They should accept cattle. Without context, it is actually the default for בקר. Beef is formally בשר בקר that is to say "cattle meat" with בקר being a short version, but you need to know that the context is food.
The word פרות is cows, and פרים is bulls. The word בקר is the general collective word for cattle.
anything like אתן , אתם, להם, etc, anything for you plural is technically you all or y'all. im sad it doesnt accept if i put you all to clarify the pluralized form :(
Y'all isn't a word in standard English. It should accept you all or you guys. If it doesn't report it.
Y'all is standard in many dialects of English and Duolingo has worked to accept it. You can report it if it doesn't.
It should accept y'all for the plural form. Because "you all" is said differently in Hebrew, it isn't used to translate these words - only כלכם and כלכן. Report it if it doesn't accept y'all.
In English, I would say "You have a controller" (and probably supervisor or inspector instead).
If "You have fruit" would render פרי as פריות, why doesn't "You have beef" render בקר as בקרים?
Because בָּקָר is both singular and plural in Hebrew. Practically speaking, English speakers use beef as both singular and plural as well. I've never heard anyone use the plural of beef (which is beeves!).
Same as fruit, right? Nobody says "how many fruits are there?", we say "how much fruit is there?". We treat it the same as beef in English.
So in Hebrew, fruit is like any other plural, but beef is the same as the way we use it in English? I'm confused.
Fruits are countable whereas beef is a mass noun. I agree it's rare in English to use it that way because you usually reference a specific fruit in the plural, but it's not wrong to say fruits.
Here's an example: Apples and Pears are my two favorite fruits. Now try it with Filet Mignon and Prime Rib. Still confused?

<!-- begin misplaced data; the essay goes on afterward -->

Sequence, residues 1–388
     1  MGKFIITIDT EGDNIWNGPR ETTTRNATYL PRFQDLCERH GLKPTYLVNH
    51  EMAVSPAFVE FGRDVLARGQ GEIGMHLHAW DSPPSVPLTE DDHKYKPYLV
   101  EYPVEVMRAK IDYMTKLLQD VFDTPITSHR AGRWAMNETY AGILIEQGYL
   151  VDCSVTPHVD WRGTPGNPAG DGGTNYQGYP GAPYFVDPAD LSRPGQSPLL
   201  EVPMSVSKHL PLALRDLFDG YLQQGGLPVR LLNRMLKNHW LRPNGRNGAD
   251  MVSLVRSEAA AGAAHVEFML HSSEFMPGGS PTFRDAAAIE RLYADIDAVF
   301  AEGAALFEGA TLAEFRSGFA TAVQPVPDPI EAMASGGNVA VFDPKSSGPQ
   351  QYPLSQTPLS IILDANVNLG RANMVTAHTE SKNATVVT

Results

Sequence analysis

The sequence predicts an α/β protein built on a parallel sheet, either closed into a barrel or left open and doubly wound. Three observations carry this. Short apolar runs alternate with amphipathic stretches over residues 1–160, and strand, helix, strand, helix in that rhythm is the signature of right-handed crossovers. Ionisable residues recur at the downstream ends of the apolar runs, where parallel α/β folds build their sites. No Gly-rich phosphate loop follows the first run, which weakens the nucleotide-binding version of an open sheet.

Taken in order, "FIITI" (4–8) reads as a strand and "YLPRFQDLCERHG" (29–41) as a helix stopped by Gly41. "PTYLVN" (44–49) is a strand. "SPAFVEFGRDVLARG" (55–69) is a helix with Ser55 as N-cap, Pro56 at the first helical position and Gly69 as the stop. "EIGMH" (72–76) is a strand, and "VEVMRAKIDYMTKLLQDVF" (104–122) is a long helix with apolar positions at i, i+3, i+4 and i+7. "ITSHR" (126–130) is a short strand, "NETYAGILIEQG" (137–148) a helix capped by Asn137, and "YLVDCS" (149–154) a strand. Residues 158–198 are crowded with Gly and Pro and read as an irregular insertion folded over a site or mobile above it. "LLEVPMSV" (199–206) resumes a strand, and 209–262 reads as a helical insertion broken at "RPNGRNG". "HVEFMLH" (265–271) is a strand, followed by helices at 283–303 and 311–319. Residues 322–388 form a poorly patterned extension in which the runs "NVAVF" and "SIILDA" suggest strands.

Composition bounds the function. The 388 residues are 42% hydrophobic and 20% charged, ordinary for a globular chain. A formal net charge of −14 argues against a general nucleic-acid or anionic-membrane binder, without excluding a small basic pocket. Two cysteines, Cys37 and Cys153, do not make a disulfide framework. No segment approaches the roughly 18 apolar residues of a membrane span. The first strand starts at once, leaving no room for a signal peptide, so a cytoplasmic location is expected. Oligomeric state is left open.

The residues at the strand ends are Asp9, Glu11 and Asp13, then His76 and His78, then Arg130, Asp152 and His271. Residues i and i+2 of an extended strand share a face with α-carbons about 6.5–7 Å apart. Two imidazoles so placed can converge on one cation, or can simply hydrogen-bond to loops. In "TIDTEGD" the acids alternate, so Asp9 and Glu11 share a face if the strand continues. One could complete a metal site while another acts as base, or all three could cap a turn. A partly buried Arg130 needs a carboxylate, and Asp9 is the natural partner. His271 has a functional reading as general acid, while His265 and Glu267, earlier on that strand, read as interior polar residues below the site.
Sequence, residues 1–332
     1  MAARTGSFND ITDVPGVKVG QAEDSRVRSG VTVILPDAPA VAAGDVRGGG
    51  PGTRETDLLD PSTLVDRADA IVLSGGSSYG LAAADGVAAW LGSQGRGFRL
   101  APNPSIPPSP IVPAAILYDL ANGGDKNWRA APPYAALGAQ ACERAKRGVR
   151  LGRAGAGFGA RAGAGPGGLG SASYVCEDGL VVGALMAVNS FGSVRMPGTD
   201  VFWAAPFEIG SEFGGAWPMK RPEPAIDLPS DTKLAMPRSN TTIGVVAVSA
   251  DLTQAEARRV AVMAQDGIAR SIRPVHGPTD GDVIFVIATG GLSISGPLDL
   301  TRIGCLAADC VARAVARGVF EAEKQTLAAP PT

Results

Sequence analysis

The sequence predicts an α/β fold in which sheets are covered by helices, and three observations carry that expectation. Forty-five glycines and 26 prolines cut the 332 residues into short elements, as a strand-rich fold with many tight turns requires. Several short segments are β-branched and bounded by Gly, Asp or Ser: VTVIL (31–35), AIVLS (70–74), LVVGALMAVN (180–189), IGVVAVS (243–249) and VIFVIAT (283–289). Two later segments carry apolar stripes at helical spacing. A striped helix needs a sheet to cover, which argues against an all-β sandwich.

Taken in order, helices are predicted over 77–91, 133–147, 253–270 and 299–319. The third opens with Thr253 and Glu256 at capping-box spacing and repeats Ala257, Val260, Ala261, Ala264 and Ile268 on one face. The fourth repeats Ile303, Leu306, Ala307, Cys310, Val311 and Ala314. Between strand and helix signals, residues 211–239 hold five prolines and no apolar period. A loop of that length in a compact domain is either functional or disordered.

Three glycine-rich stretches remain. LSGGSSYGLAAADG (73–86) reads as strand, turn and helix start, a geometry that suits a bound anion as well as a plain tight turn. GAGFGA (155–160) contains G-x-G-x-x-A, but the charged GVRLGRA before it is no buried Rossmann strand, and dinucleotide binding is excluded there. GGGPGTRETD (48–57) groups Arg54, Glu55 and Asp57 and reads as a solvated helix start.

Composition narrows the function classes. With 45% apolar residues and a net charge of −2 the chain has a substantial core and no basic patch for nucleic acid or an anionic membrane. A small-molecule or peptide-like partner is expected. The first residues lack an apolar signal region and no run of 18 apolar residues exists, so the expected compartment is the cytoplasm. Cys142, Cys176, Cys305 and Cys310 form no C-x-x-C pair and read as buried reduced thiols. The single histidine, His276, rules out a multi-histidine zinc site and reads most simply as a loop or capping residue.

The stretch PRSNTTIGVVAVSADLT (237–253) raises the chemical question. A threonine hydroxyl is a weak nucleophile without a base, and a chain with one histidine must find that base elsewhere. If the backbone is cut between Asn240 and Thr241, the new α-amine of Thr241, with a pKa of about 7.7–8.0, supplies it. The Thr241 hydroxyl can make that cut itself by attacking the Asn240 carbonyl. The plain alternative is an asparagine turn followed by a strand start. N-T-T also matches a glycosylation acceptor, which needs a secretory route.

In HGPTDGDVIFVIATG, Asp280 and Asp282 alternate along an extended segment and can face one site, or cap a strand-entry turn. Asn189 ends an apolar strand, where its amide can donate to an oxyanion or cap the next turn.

As far as I understand, it's the whims of each language, and not some strict logic, that determines the existence of collective nouns. It's just luck that both English and Hebrew have a collective noun for cows (cattle, בקר). No such luck with "fruit" (possibly a collective noun), where Hebrew has only the countable noun פרי with the plural פירות. (Actually there is also a collective usage of פרי, I think mainly in contexts of commerce and agriculture (הרבה פרי)).
I was told that in written form without niqud and no audio, "beef" should be written as בשר בקר to distinguish it from morning. Can someone confirm this? Otherwise this is going to get confusing!
The real reason to write בשר בקר is to differentiate from cattle. In Hebrew written without vowels, we write בוקר for morning.
As was said, "morning" is written differently, but do expect to have many pairs of unrelated words written the same and sound either the same or differently! (Triplets, too.) It happens in English, too, BTW ("read" in present vs. past tense; "can" the verb vs. the noun), but a lot more common in Hebrew.
An online dictionary I use shows בקר as beef but בקרים as controllers. Does anyone know the linguistic connection between these two?
None. They just happen to have the same root letters. In fact, in singular form they are voweled slightly differently.
It occasionally happens that there are two different root words with the same letter combination.
The suggested translation include "a beef". "You have a beef" has an idiomatic meaning at least in Canadian English of having a problem/grudge.